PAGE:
Matt Rourke/Associated Press
Matt Rourke/Associated Press
HADLEIGH, England – Julie Bresset crested the final climb of Hadleigh Farm and glanced over her shoulder, and the only thing she saw was thousands of fans cheering her on.
The rest of the field was that far behind.
The 23-year-old mountain biker from France, competing at her first Olympics, smiled and soaked in the applause. She grabbed a French flag as she coasted toward the gold medal, crossing the finish line and then raising her bike triumphantly over her head.
Her entire season boiled down to one moment of unbridled joy.
“This season I decided to focus only on the Olympics, and it paid off,” Bresset said. “The World Cup was not important this season. The only race that mattered was (Saturday’s) race, and I won it.”
In the most dominating way.
Bresset took advantage of a mistake by defending gold medalist Sabine Spitz of Germany on a rough section of the picturesque course in the English countryside, then gradually pulled away from the rest of the field, rolling through the last of six laps all alone.
Her time was 1 hour, 30 minutes, 52 seconds, more than a minute ahead of Spitz, who took the silver medal.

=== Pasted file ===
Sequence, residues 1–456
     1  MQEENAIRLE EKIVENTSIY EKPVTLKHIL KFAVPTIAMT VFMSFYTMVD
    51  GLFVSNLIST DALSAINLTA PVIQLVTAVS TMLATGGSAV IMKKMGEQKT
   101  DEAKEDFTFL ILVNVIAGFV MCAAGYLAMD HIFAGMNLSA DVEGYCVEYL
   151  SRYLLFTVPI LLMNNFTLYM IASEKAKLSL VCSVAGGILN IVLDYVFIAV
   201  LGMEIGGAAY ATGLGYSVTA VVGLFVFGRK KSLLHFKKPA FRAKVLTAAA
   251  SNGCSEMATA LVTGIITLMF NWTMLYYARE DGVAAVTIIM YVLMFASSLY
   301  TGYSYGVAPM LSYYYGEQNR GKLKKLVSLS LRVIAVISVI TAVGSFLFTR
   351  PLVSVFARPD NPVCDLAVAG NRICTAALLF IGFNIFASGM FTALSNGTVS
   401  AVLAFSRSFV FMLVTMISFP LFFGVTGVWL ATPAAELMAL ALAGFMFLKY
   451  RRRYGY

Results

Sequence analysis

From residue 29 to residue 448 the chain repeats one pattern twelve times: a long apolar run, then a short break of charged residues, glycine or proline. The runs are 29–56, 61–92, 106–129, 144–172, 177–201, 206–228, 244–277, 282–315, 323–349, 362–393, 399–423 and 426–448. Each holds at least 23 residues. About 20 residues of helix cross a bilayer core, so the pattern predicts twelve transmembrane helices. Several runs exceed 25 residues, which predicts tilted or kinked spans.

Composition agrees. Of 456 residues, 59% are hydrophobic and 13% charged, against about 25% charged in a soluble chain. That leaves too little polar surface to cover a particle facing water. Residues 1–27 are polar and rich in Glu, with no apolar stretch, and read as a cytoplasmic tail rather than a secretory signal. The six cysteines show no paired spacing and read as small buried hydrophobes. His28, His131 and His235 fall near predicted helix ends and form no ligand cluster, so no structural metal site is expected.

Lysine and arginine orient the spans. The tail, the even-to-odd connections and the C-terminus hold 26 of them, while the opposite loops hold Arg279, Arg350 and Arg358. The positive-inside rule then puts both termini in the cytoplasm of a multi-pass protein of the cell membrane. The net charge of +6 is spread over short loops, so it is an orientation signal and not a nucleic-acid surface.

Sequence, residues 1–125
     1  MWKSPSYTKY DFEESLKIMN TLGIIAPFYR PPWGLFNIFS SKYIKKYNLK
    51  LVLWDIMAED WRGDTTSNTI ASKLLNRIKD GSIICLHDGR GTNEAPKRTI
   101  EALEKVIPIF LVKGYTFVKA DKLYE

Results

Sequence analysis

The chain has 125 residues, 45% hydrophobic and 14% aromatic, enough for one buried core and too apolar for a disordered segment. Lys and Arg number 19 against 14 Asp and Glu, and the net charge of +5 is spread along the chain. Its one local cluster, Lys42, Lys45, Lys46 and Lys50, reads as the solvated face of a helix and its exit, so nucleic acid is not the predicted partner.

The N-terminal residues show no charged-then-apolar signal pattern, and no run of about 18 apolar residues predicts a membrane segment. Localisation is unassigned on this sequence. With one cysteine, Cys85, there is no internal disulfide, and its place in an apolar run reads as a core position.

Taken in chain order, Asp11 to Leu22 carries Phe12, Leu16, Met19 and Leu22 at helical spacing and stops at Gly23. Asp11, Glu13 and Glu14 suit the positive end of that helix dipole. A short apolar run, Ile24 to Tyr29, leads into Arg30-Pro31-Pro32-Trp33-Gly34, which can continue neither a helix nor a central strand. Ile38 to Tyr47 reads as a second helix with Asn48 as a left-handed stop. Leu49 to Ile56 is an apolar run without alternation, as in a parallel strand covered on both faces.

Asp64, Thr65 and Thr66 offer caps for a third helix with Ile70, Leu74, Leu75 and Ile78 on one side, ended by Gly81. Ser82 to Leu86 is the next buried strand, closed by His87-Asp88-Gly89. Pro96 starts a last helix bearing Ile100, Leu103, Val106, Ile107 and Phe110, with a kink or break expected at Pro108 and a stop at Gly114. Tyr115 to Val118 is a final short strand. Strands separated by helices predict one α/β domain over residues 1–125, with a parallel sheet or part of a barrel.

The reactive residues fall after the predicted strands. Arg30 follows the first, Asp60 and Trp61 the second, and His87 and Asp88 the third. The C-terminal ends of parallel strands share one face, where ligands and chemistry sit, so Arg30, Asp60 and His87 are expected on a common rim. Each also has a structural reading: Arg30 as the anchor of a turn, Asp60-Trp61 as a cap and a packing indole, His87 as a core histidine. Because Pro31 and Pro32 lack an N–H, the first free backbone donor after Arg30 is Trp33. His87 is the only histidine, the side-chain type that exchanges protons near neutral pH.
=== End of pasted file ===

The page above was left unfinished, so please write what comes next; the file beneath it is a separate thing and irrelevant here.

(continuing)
“I took the front of the race, and I managed it well,” said Bresset, who crashed during a practice ride Thursday and needed seven stitches to close the cuts.
“When I had a gap, I told myself, ‘Now I should go,’” she said. “I led until the finish.”
Spitz rounded out her collection of medals – along with gold in Beijing, she won bronze at the 2004 Athens Games.
Georgia Gould of the United States earned bronze Saturday, the first medal for an American mountain biker since Susan DeMattai’s bronze in 1996.
“I knew that a medal was possible. I knew that on my best day I was capable of winning the race,” said Gould, who lives in Fort Collins. “Julie rode a great race (Saturday). She was at the front at the start, which was smart.”
Gunn-Rita Dahle Flesjaa of Norway, who won gold in Athens, never was in contention after puncturing a tire on a remote section of the course and hiking back to her support team.
Maja Wlosczowska of Poland, the silver medalist from Beijing, didn’t start the race. She broke a bone in her foot during a training ride in Italy and was unable to compete.
Bresset’s victory could be just the start for France. Julien Absalon will go for an unprecedented third consecutive gold medal in the men’s race today.
Durangoan Todd Wells will represent the U.S. in his third Olympic Games.
“I hope (Absalon) will do the same. He’s capable of it,” Bresset said. “Sharing this result with him would be amazing. I hope my achievement can bring good luck to the French team.”
The women’s race went off under blue skies at Hadleigh Farm, where a 2.9-mile course was carved out of rolling hills and woodlands overlooking an estuary of the River Thames.
Bresset’s lead was so large on the final lap that she had plenty of time to enjoy the scenery.
“It was crucial to take a strong start and then to race cleverly, and not to dig deep in my limits,” Bresset said. “I hoped to win a medal, and a gold medal is unbelievable.”
The Durango Herald contributed to this report.